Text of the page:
The U.S. will for the first time welcome pear industry researchers, experts, growers and marketers from around the world to the 2017 Interpera Congress, with new variety development and global consumption levels set to be among the hot topics.
The 10th annual meeting of the pear conference will be held in Wenatchee, Washington on June 15 -16, 2017, and Pear Bureau Northwest president and CEO Kevin Moffitt is expecting to host industry actors from all corners of the globe.
“It’s going to be right up in the premier pear growing area of Washington State. We should have some fruit on the trees and it should be beautiful weather, so all in all we’re really looking forward to it,” he told Fresh Fruit Portal.
He said it was “an honor and an excellent opportunity” to host the event, explaining the attendees would learn about the latest innovations in new pear varieties, mechanization and growing practices, with tours of high density and traditional orchards.
The pear industry worldwide is a “pretty mature industry”, according to Moffitt, but lagged behind many other crops like apples somewhat in terms of new variety development and plantings.
“I think that consumption, frankly, for pears has been pretty stagnant, and this type of international program that focuses 100% on pears is an excellent opportunity to really discuss those issues, to open people’s eyes about what is really being done and to help us get over some of the hurdles so that we can make some forward progress,” he said.
Noting pear production outside of China had been relatively flat over recent years – even declining in some areas – Moffitt said he believed discussing ideas on how to boost consumption and taking into account what has worked in other areas would be the “backbone” of future progress.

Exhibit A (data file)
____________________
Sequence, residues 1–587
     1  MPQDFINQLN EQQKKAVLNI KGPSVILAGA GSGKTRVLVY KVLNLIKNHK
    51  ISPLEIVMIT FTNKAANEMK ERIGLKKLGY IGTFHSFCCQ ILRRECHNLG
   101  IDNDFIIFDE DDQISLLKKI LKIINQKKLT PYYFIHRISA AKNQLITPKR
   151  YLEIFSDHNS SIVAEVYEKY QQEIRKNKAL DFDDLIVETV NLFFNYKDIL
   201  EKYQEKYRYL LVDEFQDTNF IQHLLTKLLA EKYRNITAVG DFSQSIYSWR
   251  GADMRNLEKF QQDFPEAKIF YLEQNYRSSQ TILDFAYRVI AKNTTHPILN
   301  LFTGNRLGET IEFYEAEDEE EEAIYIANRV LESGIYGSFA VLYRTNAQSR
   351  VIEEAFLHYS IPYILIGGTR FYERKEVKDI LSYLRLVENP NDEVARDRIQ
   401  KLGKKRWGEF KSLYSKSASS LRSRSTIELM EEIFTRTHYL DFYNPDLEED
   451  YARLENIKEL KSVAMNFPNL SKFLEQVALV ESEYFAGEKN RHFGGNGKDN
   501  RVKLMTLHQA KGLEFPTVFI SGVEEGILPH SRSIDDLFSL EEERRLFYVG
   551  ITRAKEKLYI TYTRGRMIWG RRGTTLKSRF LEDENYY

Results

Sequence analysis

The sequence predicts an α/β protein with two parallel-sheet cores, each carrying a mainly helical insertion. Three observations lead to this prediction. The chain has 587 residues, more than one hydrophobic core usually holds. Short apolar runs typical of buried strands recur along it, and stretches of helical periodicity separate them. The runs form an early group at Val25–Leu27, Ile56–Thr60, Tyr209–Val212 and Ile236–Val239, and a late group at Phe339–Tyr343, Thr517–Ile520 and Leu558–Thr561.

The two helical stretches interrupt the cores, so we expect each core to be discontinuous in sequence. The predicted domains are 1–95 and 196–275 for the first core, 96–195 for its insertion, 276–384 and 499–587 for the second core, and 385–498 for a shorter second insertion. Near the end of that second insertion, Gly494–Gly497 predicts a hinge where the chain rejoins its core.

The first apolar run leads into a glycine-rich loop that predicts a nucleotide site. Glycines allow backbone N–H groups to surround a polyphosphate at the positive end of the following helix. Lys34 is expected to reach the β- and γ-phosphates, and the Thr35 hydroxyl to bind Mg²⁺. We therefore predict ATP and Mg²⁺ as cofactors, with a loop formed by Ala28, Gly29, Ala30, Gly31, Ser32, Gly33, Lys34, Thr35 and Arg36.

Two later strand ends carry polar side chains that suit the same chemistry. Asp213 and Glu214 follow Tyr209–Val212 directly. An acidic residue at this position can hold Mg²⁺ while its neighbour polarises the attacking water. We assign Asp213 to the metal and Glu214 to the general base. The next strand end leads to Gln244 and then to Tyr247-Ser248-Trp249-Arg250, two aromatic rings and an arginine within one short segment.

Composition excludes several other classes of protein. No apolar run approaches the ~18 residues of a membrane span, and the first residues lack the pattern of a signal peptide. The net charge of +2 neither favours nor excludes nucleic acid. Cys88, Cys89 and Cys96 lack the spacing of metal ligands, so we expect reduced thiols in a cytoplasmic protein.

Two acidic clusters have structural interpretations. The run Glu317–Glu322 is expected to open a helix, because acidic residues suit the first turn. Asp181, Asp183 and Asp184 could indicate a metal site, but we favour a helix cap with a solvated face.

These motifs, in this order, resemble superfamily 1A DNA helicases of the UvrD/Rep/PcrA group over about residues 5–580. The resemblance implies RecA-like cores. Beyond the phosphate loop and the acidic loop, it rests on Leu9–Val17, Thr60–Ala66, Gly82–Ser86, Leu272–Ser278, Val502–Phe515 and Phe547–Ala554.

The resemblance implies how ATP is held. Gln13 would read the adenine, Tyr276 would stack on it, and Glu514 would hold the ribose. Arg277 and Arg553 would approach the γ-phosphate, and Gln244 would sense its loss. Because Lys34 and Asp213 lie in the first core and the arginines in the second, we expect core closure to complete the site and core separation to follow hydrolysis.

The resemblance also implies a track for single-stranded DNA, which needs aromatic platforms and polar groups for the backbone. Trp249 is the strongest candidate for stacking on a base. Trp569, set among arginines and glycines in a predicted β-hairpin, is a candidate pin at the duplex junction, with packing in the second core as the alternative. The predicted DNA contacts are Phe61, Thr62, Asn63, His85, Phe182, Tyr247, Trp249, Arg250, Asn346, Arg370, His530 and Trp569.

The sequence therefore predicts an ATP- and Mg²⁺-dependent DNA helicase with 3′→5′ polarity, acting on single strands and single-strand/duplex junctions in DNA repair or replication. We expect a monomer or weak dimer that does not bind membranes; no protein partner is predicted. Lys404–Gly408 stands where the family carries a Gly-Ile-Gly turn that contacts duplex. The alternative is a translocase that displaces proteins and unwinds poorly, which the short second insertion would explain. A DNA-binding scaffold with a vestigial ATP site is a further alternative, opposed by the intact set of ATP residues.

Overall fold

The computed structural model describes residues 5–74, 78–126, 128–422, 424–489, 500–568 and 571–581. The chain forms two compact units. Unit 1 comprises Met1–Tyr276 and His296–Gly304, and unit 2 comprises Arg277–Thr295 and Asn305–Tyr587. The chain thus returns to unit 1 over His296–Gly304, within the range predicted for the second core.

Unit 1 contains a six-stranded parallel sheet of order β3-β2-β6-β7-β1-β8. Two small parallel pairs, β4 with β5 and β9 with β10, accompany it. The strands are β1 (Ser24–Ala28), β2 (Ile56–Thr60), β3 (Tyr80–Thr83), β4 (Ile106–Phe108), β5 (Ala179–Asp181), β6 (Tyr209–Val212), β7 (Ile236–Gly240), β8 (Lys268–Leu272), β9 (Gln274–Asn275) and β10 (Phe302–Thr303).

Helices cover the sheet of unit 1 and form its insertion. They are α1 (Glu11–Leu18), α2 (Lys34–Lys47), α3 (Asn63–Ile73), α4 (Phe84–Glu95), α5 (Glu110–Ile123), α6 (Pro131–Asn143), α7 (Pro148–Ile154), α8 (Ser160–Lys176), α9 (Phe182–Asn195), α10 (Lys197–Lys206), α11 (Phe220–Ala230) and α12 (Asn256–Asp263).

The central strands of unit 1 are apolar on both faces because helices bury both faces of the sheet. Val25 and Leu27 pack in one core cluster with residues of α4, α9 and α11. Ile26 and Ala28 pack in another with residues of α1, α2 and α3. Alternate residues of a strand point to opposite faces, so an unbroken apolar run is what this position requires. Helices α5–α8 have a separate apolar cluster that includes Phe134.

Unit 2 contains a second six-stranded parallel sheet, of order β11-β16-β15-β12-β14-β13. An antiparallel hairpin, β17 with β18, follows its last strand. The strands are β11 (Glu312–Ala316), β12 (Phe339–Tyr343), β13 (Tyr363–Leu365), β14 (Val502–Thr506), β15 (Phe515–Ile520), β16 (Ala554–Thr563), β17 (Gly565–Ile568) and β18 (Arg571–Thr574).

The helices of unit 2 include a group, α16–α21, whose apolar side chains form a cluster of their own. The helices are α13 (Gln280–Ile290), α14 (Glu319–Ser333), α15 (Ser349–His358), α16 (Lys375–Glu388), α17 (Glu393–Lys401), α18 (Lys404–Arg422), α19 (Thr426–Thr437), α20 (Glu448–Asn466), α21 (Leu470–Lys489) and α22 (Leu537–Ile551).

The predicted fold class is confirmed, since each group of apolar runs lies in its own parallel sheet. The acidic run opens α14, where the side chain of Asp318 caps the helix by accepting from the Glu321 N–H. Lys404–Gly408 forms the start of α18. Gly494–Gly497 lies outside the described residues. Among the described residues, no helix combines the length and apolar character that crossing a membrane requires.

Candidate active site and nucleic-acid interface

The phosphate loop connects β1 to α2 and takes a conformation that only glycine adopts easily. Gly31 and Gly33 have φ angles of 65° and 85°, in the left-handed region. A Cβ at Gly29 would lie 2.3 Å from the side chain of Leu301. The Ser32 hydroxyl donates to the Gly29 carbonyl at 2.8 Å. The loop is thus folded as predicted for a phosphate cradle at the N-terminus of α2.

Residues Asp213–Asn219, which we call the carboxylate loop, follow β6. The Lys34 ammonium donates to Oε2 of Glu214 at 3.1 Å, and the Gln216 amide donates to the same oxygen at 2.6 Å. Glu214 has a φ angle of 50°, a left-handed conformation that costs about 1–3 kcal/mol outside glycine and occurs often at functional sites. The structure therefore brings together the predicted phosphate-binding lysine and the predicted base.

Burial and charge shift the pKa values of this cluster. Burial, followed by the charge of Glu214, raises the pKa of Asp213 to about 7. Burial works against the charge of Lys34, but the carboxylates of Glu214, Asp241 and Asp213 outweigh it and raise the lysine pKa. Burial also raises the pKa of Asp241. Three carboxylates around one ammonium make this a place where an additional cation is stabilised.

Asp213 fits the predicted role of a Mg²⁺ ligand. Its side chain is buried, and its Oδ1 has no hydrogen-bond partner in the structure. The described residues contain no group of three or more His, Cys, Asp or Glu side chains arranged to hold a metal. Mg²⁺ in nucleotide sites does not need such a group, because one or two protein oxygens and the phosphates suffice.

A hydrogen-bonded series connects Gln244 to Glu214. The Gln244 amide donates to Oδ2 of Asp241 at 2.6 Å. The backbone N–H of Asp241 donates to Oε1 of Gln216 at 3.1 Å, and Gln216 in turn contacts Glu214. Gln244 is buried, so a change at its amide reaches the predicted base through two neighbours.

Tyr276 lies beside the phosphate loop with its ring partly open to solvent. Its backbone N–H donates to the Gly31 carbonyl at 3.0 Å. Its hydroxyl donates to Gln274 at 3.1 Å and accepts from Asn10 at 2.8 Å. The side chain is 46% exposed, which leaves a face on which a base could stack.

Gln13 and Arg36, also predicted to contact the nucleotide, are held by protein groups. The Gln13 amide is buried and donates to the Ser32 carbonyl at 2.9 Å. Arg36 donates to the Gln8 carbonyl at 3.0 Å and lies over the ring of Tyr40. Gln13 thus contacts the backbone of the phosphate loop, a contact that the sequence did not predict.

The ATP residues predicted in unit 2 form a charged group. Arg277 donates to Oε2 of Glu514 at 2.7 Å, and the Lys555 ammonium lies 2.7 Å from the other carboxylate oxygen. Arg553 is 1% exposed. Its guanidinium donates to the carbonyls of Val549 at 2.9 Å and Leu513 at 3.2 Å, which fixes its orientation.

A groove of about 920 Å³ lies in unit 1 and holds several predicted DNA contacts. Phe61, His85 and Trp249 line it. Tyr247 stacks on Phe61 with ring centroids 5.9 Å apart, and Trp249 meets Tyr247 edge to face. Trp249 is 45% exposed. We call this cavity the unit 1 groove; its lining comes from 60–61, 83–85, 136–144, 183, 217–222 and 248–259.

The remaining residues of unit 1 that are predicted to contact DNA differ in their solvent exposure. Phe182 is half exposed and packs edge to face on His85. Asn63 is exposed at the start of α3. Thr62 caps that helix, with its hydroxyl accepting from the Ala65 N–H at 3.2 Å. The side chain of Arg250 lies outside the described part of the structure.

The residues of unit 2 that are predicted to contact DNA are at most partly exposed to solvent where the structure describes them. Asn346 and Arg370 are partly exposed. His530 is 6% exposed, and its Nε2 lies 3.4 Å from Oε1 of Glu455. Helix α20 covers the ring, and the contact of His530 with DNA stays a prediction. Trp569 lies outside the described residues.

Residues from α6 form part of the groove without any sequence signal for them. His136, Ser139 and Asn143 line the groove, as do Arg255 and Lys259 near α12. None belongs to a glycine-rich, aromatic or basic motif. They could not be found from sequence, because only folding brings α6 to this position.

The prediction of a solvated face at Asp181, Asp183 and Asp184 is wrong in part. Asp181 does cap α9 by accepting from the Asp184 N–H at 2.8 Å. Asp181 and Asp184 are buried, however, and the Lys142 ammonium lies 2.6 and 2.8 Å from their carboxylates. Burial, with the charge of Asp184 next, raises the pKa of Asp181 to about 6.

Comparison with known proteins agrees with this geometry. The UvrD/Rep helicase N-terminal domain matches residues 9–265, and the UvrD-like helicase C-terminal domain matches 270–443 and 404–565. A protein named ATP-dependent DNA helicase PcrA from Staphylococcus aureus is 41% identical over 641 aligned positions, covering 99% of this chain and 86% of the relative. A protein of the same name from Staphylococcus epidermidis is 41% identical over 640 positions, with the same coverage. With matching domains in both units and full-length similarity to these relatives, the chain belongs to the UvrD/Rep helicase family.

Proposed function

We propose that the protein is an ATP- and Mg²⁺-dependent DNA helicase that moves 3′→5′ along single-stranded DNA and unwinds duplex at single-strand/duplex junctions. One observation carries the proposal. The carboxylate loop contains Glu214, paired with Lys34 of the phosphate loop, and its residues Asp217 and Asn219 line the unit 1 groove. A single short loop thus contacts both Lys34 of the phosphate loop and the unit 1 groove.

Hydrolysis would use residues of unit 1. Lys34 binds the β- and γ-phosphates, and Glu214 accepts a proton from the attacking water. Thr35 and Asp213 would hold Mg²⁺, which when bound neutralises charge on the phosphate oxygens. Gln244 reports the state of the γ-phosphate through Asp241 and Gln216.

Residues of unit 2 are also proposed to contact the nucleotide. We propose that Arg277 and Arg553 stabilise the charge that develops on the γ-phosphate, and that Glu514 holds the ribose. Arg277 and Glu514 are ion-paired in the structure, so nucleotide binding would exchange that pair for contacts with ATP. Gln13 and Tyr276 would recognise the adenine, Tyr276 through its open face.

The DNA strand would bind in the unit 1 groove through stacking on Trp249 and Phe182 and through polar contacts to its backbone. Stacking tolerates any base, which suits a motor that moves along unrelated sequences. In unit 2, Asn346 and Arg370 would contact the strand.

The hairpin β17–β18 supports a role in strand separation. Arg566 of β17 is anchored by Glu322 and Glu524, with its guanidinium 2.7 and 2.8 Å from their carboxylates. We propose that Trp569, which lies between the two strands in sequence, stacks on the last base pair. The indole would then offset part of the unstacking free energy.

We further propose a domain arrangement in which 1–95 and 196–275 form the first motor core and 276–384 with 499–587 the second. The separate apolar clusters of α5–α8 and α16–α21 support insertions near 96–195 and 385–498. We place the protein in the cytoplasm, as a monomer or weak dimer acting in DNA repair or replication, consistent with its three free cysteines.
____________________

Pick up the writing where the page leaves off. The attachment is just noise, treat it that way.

“However, I think that some of the issues that are more exciting, more interesting and potential game changing are the new varieties that are being developed,” he said.
“There have been a few introduced into Europe, a couple in the U.S. and maybe one into Canada. There’s a lot of development going on with new varieties but it’s a very slow process. I think that people maybe don’t realize that there are quite a few new varieties out there but we haven’t brought them into the right areas.”
Obtaining new dwarfing rootstocks will also be critical to being able to plant many of the new varieties and having high-density plantings, which lend themselves more to mechanization.
Moffitt highlighted Belgium and the Netherlands as two countries with advanced industries in terms of high-density plantings, explaining that unlike countries like Italy and Chile, they had in fact turned focus away from apples and onto pears over the last decade or so.
As for variety development, he said New Zealand was one of the global leaders, pointing out recent development in the country had led to a cultivar that was a mix between Asian-style apple-like pears that can be eaten straight off the tree and European-style varieties that require post-harvest cold storage.
“We’re going to be discussing a lot of great topics that tie together and are really true issues, especially for the U.S., but also for other growers around the world,” he said.
“We invite anyone who’s interested in pears to come and visit.”
Good domestic pricing
Commenting on the 2016-17 Northwest pear season, Moffitt said production levels had remain stable year-on-year and growers in general had enjoyed good prices, although the strong domestic market and U.S. dollar had led to lower exports over the last couple of years.
“From here on we’re pretty much selling to North America and Mexico. All in all it’s been profitable, but a little bit difficult because there’s been such a huge apple crop this year,” he said.
“The high pricing has slowed down a bit, but at the end of the day I think there will be a decent profit back to the grower.”
Click here for more information on the 2017 Interpera Congress.